As the drama surrounding cable network A&E’s suspension of Duck Dynasty patriarch Phil Robertson enters its second week without losing steam, our analysis of the incident becomes more refined by critical thought. Where emotional reactions at first prevailed, we now see thoughtful consideration of why this episode matters so much to so many people.
Caring about Phil Robertson and his ordeal says something about those who stand with him. It reveals a solidarity informed by shared values, and similar experiences. For Christians in today’s increasingly secularized culture, there exists a persistent subversion of our religious expression. While it often takes the form of private censure, as it has in Robertson’s case, the influence of the state can be sensed bearing down on private decisions.
Perhaps that is why figures like Sarah Palin and Glenn Beck have mistakenly represented the suspension as a violation of Robertson’s free speech rights. As reported in City Pages, the Minnesota chapter of the ACLU sought to set the record straight in a blog post last week:
The Constitution protects you from the government violating your rights. Phil Robertson, of Duck Dynasty, has not been arrested or charged with a crime for his comments about gays (nor should he be), he has been [indefinitely suspended] by a private employer for making these comments.
Phil Robertson has the right to make whatever homophobic or racist comments he wants without fear of going to prison for it, however he does not have the right to have his own TV show, or to say what he wants without negative reactions from his employer or people in the community.
While this interpretation proves correct, we need not look far to see how unequally it is applied. What if, instead of Phil Robertson expressing his Christian view of homosexuality, A&E had suspended a gay reality show star for coming out of the closet and advocating for gay marriage? Would the ACLU and City Pages and their allies on the Left be so eagerly reminding us of the cable network’s freedom of association?
We know the answer. We know it because the unequal recognition of the freedom of association lies naked in the various public accommodation and anti-discrimination laws strewn throughout various levels of government. Indeed, mere days before the Duck Dynasty controversy erupted, a judge in Colorado ordered a Christian baker to serve cake for a gay wedding or face fines. Where’s the ACLU on that one? Naturally, they represented the gay couple and stood against the baker’s freedom of association. “No one should fear being turned away from a public business because of who they are,” they said in a statement.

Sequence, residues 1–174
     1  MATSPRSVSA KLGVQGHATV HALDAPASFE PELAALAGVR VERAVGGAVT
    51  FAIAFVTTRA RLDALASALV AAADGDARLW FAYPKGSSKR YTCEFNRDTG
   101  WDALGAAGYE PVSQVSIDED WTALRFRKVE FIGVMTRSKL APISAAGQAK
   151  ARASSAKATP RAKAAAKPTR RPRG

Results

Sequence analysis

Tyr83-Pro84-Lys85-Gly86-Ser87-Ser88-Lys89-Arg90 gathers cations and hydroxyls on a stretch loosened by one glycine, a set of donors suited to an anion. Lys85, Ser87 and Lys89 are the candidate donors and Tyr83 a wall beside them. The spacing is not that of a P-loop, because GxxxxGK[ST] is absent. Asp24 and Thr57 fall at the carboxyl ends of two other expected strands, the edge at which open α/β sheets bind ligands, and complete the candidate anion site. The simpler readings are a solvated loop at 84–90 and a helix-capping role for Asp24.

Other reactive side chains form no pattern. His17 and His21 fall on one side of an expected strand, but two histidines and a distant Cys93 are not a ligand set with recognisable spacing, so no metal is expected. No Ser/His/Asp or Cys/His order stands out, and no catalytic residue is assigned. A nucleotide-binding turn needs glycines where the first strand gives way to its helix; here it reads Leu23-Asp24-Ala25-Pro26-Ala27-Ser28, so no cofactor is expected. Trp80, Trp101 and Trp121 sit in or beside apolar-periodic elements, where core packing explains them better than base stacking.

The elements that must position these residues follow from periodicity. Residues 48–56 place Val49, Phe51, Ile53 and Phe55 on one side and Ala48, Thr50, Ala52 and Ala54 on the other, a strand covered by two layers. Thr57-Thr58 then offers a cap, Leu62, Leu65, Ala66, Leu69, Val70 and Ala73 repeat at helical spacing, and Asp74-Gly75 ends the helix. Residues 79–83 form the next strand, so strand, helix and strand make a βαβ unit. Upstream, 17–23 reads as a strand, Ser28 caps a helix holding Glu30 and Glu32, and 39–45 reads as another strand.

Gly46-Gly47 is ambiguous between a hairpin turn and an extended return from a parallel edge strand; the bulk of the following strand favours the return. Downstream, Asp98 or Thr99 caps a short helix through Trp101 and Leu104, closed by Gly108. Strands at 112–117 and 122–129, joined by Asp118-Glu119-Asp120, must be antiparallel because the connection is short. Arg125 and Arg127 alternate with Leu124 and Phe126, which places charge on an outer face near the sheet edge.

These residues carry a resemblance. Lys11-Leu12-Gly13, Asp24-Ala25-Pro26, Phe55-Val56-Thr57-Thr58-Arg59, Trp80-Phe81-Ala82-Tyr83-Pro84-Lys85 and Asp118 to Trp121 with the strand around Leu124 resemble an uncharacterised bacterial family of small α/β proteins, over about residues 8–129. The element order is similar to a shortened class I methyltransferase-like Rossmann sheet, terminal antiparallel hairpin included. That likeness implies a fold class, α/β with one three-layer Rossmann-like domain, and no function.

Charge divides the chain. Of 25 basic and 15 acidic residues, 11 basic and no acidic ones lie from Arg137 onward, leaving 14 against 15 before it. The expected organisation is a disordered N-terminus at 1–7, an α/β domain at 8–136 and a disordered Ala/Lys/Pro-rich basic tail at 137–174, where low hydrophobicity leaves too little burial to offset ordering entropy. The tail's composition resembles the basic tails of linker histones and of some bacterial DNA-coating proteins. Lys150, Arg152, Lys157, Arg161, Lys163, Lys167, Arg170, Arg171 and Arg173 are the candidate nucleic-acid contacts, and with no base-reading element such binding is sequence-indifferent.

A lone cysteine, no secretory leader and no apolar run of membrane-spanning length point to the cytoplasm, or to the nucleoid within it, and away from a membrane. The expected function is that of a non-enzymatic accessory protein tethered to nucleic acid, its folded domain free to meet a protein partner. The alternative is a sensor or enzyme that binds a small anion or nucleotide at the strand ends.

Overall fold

How is A&E’s decision to deny a business relationship with Phil Robertson because of who he is fundamentally different than that Christian baker’s decision to deny a business relationship with a gay couple because of who they are?
As we ponder that, the allure and longevity of the Duck Dynasty story becomes clear. While no rights were violated, they undoubtedly would have been in reversed circumstances. That proves just as outrageous as if Robertson’s rights were violated.
Let’s not pretend that private actions are not profoundly influenced by the legal climate in which they are taken. Would A&E have been as quick to suspend Robertson were it not for the protected legal status of sexual orientation in various public accommodation and anti-discrimination laws? Would they have been as quick to suspend the star of their most lucrative property if there were not such a well-financed, trigger-happy, and litigious homosexual coalition? How might this situation be different if the free association right which the ACLU correctly describes was universally protected without regard to political correctness?
So long as the public accommodation aspect of civil rights law persists, and particular classes are singled out for special treatment, equality under the law will prove elusive. From there emerges an importance which transcends celebrity gossip. This was never about a reality show.